The basic Christian set-up is that God has created a hell for the vast majority of the human race, and that the only way anybody can be saved from this hell is through the brutal death of his own son. This world-view is wrong. It presupposes a God without justice, without mercy, and without a great deal of competence. In this case, the only morally right option is to not co-operate. The only morally correct action Jesus could have taken is to rebel against the plan of God-the-jailer and refuse to be killed.
Despite my intense dislike of the current political climate, I can't say I miss the 70's - style liberalism that it replaced. Despite a certain nostalgia for the politics I grew up with, I can't say I would want it back. That political philosophy was very elitist.
In the 70's, I was growing up in Michigan. Times there were so bad that even MacDonald's wasn't hiring. (I know -- I applied there). Now, the state had tremendous intellectual and infrastructural resources at the time. Michigan in the mid-70's would have been an ideal situation for seed capital to start new businesses and new ventures. Instead, throughout this whole period money was flowing out of the state. Michigan was paying more in Federal taxes that it received.
This was the time of the sunbelt / rust belt national division. The theory was that the industrialized north was dying of natural causes. Now, let me poke at this a bit more. 1) The industrial states were going through a tremendous re-alignment. 2) This re-alignment was causing a great deal of pain to people who did not deserve it. People who had worked hard all their life to build an economy that had built the whole nation were losing their jobs and their lives through no fault of their own. 3) Everybody knew what was going on, and what the cost of this re-alignment. 4) The nation made a conscious decision to blame the victims and ignore this crisis, when a small investment could have reaped great rewards.
If the liberal spirit had really meant it -- using the resources of the whole to help out those in need, and by doing so improve the health and vitality of the whole -- then in the late 70's we would have seen a plethora of programs aimed at rebuilding the industrial economy. Instead, the industrial states were bled white to support the rich southern states of California and Texas.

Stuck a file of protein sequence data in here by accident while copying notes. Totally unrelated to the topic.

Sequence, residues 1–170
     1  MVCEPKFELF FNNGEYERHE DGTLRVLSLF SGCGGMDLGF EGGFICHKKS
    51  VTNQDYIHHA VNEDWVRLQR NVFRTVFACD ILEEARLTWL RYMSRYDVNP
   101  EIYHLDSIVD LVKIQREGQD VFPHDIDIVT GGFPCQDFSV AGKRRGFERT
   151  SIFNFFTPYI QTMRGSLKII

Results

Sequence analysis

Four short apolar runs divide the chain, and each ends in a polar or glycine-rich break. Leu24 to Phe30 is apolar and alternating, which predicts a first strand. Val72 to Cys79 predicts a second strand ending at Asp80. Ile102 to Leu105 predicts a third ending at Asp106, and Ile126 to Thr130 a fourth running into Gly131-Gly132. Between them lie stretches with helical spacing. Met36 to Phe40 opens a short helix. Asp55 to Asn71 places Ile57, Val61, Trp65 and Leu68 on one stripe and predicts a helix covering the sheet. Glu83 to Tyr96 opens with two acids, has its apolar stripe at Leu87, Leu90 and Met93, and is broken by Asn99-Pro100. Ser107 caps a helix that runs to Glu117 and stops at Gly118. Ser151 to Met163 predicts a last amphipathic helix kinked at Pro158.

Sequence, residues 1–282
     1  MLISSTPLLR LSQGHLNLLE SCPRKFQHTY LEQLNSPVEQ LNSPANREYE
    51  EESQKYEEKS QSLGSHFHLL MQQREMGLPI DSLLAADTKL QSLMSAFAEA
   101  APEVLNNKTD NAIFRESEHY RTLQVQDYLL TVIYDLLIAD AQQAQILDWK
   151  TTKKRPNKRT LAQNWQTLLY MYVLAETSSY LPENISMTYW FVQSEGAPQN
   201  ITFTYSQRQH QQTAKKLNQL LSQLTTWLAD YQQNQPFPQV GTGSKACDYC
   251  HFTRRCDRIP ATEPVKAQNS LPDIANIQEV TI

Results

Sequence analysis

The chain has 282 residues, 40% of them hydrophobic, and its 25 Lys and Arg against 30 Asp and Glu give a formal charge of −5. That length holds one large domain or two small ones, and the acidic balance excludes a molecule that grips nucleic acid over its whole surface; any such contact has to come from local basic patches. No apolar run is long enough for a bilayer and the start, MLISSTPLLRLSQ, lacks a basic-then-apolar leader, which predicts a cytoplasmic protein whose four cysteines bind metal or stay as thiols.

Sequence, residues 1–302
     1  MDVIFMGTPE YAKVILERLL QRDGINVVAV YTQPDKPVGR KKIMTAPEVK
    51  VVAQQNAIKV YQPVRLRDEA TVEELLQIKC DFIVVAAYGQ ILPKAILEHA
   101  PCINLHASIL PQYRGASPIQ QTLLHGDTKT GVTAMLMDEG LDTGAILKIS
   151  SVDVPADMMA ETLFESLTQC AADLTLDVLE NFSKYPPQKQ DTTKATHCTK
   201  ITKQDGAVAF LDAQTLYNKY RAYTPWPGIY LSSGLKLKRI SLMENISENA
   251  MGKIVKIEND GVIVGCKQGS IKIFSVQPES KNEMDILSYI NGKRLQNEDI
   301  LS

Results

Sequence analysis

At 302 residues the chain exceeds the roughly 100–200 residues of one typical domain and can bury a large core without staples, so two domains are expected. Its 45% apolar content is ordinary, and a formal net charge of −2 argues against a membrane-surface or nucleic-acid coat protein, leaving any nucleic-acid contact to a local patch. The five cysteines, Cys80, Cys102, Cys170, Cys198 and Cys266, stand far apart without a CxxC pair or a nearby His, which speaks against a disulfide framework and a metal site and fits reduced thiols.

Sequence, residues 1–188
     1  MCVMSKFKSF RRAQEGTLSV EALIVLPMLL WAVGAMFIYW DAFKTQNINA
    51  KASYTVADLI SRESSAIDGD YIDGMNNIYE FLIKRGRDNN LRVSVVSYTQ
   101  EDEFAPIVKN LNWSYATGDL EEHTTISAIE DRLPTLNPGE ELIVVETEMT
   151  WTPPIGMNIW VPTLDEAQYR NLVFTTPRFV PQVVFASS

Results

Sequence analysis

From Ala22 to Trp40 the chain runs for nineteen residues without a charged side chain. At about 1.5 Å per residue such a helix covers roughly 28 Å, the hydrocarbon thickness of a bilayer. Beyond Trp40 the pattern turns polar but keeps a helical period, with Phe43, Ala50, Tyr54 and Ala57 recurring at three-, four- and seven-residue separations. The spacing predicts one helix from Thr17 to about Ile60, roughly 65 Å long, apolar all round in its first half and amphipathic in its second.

It's now about two weeks since Diana's death. During that time, we have heard unrelenting denunciations of the photographers that followed her to her last bloody gasps, the publishers that pay top dollar for these photographs, and the public maw that makes these practices a good business decision. I feel it is high time that we recognized these people for what they are: exemplars of our capitalistic society, the distilled essence of what makes our society unique.
What the paparazzi do: they recognize an opportunity, and pursue that opportunity with tremendous zeal, energy, and imagination. They know what they want and just do it. This focus allows them to be all that they can be. Moreover, their profession truly exemplifies the most unique points of capitalism:
- They produce nothing useful. Like the best of capitalistic enterprises, the paparazzi produce something that we would really all be better off without.
- They cause human distress. Not only do they produce nothing useful, their production method causes a great deal of human grief.
Once the Seven are cleared of any legal annoyances, I feel certain they can take their positive attitude and understand of the capitalist spirit into any number of industries:
to mention a few. They have destroyed one life with their efforts; now it is time for them to graduate to the wholesale carnage practiced by these typically American businesses.
The McCaughey septuplets are doing well. I wish them and their parents all the best. They have a difficult road ahead of them; fortunately, their town and our nation have come together to support them.
I started thinking about this. We've all acknowledged that raising children is a difficult task, and that parents need help doing this. Why don't we take this seriously? Effective child health care for everybody, effective daycare, and well-funded schools are the least we can do -- but we aren't doing that.
When I'm 70 or so, I'm going to be supported by the children that are just being born. It only seems fair that I help support them, now. In fact, I like the idea of supporting them a whole lot, so they have the education to go out and get really good jobs so they can support me in style.
I applaud our country's decision to help support a loving family that needs it, and I look forward to the time when our country will extend this support to all out children.
I've noticed that since Republicans have actually gotten into office the noise about term limits has really died down. This isn't surprising; I always thought the term limits noise was a smokescreen. Think about it -- would you want a term limit for doctors? Or dentists? I want a profession doctor, a professional dentist, and I want a professional government. Perhaps a long time ago government could have been handled on the sly, but not any longer. We have a complex world and it requires complex government.